Science fiction stories. Fantasy stories. Horror stories. All for adults, but of the family-friendly persuasion.
T. Gene Davis’s Speculative Blog posts free science fiction, fantasy, and horror stories–mostly by guest authors. Subscribe (on the left) for the free sci-fi, horror and fantasy stories newsletter delivered when new stories post. The stories accepted are for adults (sometimes with mature themes), but safe to leave open on a tablet at the kitchen table where kids can get ahold of it. I currently pay $100 (US) for the right to publish your story on the blog and in the anthology. Check out the submission guidelines for more information.
by Allison Mulder
I noticed the demon living in my right index fingernail because that nail grew ten times faster than any of the others.
by Scott Hughey
I wrote my first prophecy when I was seven. I filled a diary with short statements like, “Sister leaves forever at Christmas,” and “The robot sets the house on fire.”
At the time, everyone else thought the writings just fanciful imagination. I knew they were more. They resonated in my young mind like an aluminum bat does when it strikes a knee. Wasn’t until years later, after the gift left me, the prophecies started coming true. That Christmas, my robot butler malfunctioned and melted down. My sister visited us that year. She didn’t make it out.
by Anna Yeatts
The ting-a-ting-clank announcing a customer caught me off guard. No one came in Moore’s Gas & More in July. We didn’t have air conditioning. Even the taffy got squishy.
I popped up from the candy row and gave my jeans a yank. “Can I help you?”
I squinted at the customer standing by the corn chips, backlit by the window. I guessed woman because she was short. I figured she wanted the john.
“Back there.” I pointed past the air filters. “Only got one. Uni-sex and all.”
She stared out the window like a little kid, her fingers hooked over the magazine racks.
“I’m Cinny if you need anything,” I said.
I resumed my candy shelving, singing Gloria Estefan under my breath. I had a good set of pipes. Mama said my voice was sweet enough to soothe baby birds out of the nest, whatever that meant, only I was too awkward to sing in front of folks.
The customer scuff-scuffed into the candy row like she didn’t know to pick her feet up. I turned and I figured out she was a he, and the strangest little he I’d ever seen.
by Tony Dingwell
Major Pax’s bony hand rested next to Sam’s eliminated white pieces. A light bulb illuminated the chessboard they battled on to pass the years.
A bomb from a previous conflict had started the war, a mindless mechanical device that exploded at an unfortunate time. They—the Blancs—took less than an hour to launch the missiles from the safety of their cubicles. The Noirs did the same, and the thriving world was gone.
Sam had to contact each Blanc citizen to determine his or her status. He had compiled a list of numbers to call long ago, but had forgotten the original source or if it was in a particular order. Sam started calling once the radiation levels allowed. (more…)
by T. Gene Davis
“Fishie?” Little Evan asked over the sound of his mother flushing the toilet.
Ray stepped between Evan and Cecelia, squatting down to look into Evan’s watering eyes.
“I thought you said that Fishie went to heaven.”
Ray took a deep breath, keeping eye contact. “Evan, … Fishie, … well, he did some things … He’s gone to a bad place.”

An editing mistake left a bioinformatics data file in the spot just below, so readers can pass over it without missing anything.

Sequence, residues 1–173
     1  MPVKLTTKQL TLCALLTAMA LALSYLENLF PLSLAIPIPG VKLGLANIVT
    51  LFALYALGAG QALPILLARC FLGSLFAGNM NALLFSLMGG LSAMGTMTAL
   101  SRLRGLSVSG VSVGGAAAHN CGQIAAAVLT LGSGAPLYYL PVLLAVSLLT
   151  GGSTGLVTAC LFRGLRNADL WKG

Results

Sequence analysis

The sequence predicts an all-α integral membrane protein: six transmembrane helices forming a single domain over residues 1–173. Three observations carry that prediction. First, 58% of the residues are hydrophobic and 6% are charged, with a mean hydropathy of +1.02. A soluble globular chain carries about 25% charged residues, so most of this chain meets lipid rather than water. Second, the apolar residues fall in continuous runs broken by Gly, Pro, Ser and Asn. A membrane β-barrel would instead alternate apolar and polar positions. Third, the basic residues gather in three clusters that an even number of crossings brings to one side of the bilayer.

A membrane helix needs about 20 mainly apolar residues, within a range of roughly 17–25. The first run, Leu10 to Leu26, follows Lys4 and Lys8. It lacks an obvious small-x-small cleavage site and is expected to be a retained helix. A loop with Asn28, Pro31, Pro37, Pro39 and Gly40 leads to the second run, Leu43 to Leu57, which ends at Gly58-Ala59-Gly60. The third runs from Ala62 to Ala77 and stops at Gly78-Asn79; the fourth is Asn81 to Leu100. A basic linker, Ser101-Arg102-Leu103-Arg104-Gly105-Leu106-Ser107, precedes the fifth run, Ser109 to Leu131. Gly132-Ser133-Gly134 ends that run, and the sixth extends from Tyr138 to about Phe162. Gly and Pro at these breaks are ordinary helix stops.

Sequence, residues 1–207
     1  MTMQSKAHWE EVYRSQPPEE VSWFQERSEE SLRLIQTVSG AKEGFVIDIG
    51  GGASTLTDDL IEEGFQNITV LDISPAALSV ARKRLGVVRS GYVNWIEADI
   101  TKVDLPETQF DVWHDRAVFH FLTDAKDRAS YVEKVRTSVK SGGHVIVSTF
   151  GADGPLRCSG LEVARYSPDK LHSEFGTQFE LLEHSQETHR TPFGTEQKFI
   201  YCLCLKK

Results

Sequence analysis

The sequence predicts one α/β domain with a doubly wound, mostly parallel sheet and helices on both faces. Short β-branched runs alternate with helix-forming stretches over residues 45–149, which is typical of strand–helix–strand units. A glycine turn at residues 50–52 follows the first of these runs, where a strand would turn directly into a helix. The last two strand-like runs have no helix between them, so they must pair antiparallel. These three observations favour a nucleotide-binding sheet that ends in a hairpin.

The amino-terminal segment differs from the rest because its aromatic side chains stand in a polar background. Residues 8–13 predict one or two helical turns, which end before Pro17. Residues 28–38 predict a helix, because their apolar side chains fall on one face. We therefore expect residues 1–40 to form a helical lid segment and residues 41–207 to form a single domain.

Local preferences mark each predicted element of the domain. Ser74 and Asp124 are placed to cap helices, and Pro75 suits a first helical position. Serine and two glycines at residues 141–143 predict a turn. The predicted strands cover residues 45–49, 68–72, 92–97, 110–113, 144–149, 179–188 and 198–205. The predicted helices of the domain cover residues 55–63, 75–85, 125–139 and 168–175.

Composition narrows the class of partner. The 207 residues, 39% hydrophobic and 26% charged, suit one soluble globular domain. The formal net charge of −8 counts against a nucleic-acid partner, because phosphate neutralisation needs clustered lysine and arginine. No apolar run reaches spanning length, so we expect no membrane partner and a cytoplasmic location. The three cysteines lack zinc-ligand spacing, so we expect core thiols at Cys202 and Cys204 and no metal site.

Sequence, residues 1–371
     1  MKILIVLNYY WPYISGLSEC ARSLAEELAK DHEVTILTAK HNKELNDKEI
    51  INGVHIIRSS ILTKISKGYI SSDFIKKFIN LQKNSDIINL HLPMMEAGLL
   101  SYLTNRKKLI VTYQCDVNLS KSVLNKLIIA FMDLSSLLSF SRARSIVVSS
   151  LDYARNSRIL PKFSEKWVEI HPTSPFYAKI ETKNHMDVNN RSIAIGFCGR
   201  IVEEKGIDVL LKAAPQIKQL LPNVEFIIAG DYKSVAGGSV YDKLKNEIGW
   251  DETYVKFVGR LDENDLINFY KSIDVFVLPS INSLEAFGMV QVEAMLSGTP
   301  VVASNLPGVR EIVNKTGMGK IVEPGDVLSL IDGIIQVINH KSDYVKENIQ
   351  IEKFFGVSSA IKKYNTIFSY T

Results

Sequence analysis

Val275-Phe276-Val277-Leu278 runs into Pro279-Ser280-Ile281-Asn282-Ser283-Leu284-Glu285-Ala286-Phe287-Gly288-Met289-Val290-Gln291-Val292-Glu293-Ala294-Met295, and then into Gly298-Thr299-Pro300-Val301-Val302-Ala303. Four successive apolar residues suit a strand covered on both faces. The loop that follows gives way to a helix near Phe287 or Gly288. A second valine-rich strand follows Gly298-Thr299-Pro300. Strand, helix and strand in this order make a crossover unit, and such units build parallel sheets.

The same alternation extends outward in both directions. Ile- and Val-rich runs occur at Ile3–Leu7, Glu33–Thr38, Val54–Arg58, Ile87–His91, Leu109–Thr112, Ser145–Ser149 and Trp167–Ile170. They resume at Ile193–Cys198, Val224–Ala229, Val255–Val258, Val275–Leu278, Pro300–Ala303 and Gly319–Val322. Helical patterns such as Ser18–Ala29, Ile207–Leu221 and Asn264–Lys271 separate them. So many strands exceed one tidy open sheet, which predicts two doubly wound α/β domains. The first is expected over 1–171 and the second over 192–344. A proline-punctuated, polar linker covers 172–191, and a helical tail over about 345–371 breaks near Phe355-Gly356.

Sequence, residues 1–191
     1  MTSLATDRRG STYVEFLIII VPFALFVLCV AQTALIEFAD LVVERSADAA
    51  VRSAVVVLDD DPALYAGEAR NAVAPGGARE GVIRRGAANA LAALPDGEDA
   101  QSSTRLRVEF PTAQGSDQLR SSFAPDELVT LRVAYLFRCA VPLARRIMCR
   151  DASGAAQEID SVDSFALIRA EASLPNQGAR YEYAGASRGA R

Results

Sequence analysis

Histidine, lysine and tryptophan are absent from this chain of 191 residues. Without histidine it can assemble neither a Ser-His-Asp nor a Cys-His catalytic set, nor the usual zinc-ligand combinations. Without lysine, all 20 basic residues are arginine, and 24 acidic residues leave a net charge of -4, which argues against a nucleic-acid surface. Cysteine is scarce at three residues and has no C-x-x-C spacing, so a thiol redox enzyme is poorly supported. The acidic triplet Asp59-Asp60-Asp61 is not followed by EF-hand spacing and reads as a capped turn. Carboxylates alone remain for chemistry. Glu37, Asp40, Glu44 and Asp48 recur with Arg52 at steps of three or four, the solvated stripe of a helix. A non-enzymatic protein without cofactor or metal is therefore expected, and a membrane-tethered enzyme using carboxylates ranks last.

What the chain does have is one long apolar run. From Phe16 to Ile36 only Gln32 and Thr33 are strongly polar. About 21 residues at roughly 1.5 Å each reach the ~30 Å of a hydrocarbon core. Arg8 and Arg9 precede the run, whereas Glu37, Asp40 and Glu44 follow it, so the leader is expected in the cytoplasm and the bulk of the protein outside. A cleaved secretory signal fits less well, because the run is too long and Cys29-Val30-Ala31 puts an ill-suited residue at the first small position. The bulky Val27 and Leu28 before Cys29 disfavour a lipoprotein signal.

by Joshua Steely
“Wow. Well, never say you can’t trust a copper salt merchant,” Connor said.
Ayumi gave him an inquiring glance.
“Is that a common saying?”
“But what did they put it way out here for?” he continued, gesturing the screen where their ship’s camera focused in on the alien structure. “Two jumps in dead space, not so much as an asteroid within a parsec of it.”
“That might be a bit of an exaggeration,” Ayumi said, smiling, as she watched the telemetry unfold. “But, yes. You’re right. We never would’ve found it without the trail of rumors that began with a wine-sodden copper salt merchant.”
“Was he? I didn’t know there was a market for wine-sodden copper salts.”
by Shannon Fay
Mad science 101 was the only class where you had to worry about your homework eating the dog.
Poor Barnaby. The only thing left of the cocker spaniel was a chewed-up collar the angle-wolf had spit out before booking it out of the lab Jodie had built in her grandma’s basement. She could hear the beast overhead, knocking over granny’s fine china and Hummel figures.
Jodie typed up an e-mail to her Mad-Sci 101 prof.
Dear Professor Smogmire,
I know the deadline for the anglefish-wolf hybrid is tomorrow, but could I please have an extension? My grandmother has passed away.
by Preston Dennett
I remember quite distinctly the day I met him. One does not easily forget the strangest day in one’s life. It was a soggy morning, gray and overcast; fitting indeed I should think for what would soon take place. He stood at my doorstep, gripped my hand with unearned familiarity and smiling at me, attempted to enter my house.
While he appeared vaguely familiar, I was quite certain I had never made his acquaintance. “Pardon, sir,” I said abruptly, blocking his path. “But I am not in the habit of allowing strangers into my home.”
by James Potter
Sarah languidly woke up to what she thought was the smell of chocolate. Bill rolled over in bed and looked at her. “Could we have hot chocolate for breakfast?” he asked. She took a moment to scrutinize the situation. No one was making hot chocolate. Why did they wake up wanting chocolate?
“They’re doing it again!” said Sarah.
“What?” said Bill.
“They’ve changed the ether,” exclaimed Sarah.
by T. Gene Davis
“Dad, I’m feeding the skeleton in the closet.”
My seven-year-old daughter stated this. She wasn’t asking permission. I had to sit up in my arm chair and set down my Kindle.
“Yes. He likes donuts.”